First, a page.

In 1978, Ottawa Hydro is the first distribution utility in Ontario to install SCADA, the Supervisory Control and Data Acquisition System. By linking the head office computer to transformer stations and substations, SCADA is able to locate service failures, automatically reclose circuits, dispatch repair crews, monitor voltage and warn of changes in unoccupied stations. Ottawa's new level of safety and service reliability is it the envy of many other cities.


1978

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The electricity grid’s nervous system gets a brain

It’s 1978 and Pierre Trudeau is Canada’s sitting Prime Minister, Marion Dewar is the second woman to become the Mayor of Ottawa, and the Rough Riders finish first in the eastern division (spoiler: they eventually lose the Grey Cup championship).

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1978
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Richmond Hydro changes its name to Goulbourn Hydro, but continues to service the Richmond Village area.

1980
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The Kanata Hydro-Electric Commission becomes the sole distributor of electricity in the City of Kanata. A temporary office is set up on Beaverbrook Road and then is moved to the former City of Kanata offices on Klondike Road. The building consists of a heritage building and part of a schoolhouse which had been moved to the site. Together they are were affectionately called "Cluster of Huts."

1981
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The Great Christmas Storm of 1986 arrives on Christmas Eve and leaves 25,000 households without power ... and many uncooked turkeys.

1986
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Ice Storm

On Sunday, January 4, the first of three successive storm fronts hits eastern Canada, stretching from Georgian Bay to the Bay of Fundy. Eastern Ontario and Western Quebec bear the brunt of what is now called the greatest natural disaster in Canadian history. More than 85 mm of freezing rain, ice pellets and snow fall on Ottawa alone, creating a thick ice that downs power lines and forces tens of thousands of people to seek shelter in hotels, the homes of friends or relatives, community centres and other public facilities. Bob Chiarelli, Chair of the Regional Municipality of Ottawa-Carleton, declares a state of emergency.

Employees from Gloucester Hydro, Goulbourn Hydro, Kanata Hydro, Nepean Hydro and Ottawa Hydro come together as one team to repair the extensive damage. Often working double shifts, they brave frigid temperatures and dangerous downed wires to restore power as quickly as possible.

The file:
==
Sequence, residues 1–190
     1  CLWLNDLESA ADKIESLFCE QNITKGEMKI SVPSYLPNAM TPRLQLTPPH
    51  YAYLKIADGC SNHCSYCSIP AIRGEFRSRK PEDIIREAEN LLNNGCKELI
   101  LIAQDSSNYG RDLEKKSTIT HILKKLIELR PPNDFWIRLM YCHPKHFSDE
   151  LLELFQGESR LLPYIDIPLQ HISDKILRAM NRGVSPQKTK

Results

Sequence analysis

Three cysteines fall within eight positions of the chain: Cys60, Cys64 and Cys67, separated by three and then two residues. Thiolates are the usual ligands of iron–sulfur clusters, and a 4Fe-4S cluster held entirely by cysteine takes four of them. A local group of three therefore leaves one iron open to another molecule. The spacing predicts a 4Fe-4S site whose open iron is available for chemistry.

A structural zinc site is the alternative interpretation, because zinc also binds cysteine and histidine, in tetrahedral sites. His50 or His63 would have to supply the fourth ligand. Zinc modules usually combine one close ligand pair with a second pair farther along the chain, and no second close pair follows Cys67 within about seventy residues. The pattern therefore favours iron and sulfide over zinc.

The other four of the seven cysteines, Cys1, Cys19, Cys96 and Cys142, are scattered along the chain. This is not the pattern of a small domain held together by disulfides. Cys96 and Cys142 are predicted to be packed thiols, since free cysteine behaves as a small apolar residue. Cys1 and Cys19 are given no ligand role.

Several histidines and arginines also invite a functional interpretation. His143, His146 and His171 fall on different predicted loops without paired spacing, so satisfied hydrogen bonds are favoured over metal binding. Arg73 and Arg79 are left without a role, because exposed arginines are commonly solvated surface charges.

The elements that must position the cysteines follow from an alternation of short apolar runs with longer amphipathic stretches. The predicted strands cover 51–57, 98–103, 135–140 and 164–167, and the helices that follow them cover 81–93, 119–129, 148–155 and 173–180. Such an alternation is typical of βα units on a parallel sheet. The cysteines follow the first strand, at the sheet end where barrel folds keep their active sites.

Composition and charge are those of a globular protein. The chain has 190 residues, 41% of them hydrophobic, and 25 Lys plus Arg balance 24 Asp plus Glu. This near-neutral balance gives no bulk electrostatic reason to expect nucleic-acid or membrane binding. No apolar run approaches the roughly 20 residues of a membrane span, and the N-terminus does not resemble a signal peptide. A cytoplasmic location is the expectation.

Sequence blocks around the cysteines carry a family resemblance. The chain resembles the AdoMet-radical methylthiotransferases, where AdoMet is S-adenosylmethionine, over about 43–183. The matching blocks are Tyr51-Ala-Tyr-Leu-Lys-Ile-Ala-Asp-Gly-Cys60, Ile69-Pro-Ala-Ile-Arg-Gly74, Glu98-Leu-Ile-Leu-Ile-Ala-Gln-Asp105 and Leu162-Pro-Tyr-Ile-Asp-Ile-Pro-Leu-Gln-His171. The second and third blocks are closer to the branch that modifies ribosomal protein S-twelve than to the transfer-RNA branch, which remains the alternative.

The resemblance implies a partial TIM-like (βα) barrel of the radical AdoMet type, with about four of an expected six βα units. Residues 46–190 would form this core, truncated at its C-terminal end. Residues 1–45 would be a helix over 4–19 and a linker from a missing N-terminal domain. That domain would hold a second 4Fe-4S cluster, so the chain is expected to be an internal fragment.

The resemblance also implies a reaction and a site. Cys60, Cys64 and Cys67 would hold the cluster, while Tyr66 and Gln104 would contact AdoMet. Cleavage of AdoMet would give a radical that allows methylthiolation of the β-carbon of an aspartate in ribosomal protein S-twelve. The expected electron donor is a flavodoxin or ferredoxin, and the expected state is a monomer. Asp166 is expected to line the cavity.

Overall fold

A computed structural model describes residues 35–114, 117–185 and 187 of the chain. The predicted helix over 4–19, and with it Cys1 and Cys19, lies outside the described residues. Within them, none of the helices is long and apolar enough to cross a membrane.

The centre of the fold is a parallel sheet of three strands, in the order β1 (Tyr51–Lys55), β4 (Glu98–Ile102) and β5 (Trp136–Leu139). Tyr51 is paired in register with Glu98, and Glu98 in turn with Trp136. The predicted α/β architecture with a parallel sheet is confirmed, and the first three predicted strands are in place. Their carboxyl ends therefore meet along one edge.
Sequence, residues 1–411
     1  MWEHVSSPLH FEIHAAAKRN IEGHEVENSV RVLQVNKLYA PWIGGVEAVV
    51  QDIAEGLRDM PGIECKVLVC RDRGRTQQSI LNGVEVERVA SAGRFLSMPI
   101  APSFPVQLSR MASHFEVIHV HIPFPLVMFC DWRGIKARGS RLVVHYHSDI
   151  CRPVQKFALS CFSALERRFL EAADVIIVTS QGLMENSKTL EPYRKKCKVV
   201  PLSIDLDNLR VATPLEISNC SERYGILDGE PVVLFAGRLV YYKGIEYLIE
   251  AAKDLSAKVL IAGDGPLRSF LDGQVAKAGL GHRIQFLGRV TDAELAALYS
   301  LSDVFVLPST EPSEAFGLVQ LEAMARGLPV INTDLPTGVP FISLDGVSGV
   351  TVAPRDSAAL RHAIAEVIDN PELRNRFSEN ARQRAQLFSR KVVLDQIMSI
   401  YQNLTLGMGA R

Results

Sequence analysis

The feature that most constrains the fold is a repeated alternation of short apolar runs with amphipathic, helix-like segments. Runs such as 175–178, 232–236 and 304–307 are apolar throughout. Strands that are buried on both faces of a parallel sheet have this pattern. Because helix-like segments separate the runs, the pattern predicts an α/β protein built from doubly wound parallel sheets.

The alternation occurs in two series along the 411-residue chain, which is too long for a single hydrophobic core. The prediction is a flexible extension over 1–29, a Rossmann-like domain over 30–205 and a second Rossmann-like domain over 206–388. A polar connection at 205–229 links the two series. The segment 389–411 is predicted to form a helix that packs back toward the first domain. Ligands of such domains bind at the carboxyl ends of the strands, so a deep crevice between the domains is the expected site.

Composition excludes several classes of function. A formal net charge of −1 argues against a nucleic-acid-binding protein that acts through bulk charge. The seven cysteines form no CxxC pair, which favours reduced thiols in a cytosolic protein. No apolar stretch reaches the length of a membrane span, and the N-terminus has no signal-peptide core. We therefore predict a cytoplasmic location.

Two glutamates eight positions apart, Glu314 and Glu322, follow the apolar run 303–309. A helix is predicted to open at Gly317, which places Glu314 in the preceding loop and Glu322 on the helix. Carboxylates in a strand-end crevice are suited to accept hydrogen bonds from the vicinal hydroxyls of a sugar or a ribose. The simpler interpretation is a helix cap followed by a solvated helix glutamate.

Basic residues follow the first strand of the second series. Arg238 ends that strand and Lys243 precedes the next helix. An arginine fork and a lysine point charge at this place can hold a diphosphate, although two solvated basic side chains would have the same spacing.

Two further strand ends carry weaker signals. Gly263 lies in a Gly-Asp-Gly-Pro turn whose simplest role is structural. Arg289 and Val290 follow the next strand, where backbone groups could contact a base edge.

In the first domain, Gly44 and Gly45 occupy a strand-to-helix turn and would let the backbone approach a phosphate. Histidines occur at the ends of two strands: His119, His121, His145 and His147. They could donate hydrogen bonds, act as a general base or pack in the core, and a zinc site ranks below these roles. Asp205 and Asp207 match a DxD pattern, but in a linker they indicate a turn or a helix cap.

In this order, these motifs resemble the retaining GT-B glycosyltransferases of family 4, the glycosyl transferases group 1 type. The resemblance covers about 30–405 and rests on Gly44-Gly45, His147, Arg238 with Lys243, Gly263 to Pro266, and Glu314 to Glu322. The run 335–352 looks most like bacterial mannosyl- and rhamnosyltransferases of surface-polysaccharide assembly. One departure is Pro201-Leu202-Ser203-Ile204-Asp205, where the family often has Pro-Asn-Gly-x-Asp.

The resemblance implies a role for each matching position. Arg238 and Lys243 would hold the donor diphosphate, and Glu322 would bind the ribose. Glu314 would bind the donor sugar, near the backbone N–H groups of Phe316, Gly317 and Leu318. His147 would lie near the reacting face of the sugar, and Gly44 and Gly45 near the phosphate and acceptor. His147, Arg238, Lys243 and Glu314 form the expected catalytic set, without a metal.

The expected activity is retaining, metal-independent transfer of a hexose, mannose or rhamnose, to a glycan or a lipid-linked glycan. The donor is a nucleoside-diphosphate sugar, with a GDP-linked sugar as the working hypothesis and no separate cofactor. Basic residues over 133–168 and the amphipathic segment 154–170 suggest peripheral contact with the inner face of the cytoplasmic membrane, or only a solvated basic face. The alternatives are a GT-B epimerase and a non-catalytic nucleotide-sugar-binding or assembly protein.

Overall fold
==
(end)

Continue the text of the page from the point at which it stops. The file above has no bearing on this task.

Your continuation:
By Wednesday, January 6, Regional Chair Bob Chiarelli formally lifts the state of emergency for Ottawa, Nepean, Gloucester, Kanata, Rockcliffe Park and Vanier, where just five percent of customers remained without power.

Overall, Environment Canada estimates "the storm claims as many as 35 lives, downs millions of trees, 1,000 transmission towers, 30,000 utility poles and enough wires and cable to stretch around the world three times.

1998
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Remembering Y2K: The Catastrophe That Wasn’t

It was December 31, 1999 – five hours before the ringing in of a New Year and with it, a new millennium – and employees at Ottawa’s pre-amalgamated electric utilities were fielding calls from customers, patrolling the city, observing the electrical system, and monitoring computer programs.

2000
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Hydro Ottawa formed through amalgamation

In November, Gloucester Hydro, Goulbourn Hydro, Kanata Hydro, Nepean Hydro and Ottawa Hydro come together to create Hydro Ottawa, serving the entire urban population of the new City of Ottawa. The new company becomes the third largest municipally-owned electrical utility in Ontario and has a service territory spanning more than 1,000 square kilometres. Hydro One retains its existing customer base in the former townships of Osgoode, West Carleton, Cumberland and Rideau.

2000
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Energy Ottawa is officially established and takes ownership of Generating Station No. 2 and Generating Station No 4 at Chaudière Falls. Energy Ottawa then completely refurbishes these stations in 2001 and 2005, maintaining their heritage nature, yet doubling their renewable generation capacity with modern technologies. The new stations are capable of supplying electricity to 18,000 Ottawa homes annually.

2000
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In May, Casselman Hydro becomes part of the Hydro Ottawa family.

2002
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Energy Ottawa begins commercial operation of a landfill-gas-to-energy facility at the Trail Road landfill in Nepean. It turns methane gas from the landfill into renewable energy. A second landfill gas-to-energy plant is launched in Moose Creek, Ontario in 2013.

2007
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Construction of Energy Ottawa’s new 29-megawatt below-ground hydroelectric facility begins. Upon completion in 2017, the station at Chaudière Falls will feed electricty into the provincial grid and power 20,000 homes with clean, renewable energy annually. Today, Energy Ottawa is the largest municipally owned producer of green power in Ontario, with hydroelectric, solar, and landfill gas-to-energy generating facilities.

2015
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Energy Ottawa and the City of Ottawa announce the dawn of a new solar initiative.

The solar installations are expected to generate nearly 3,000,000 kWh/year; the equivalent of removing more than 300 homes from the grid annually.

2016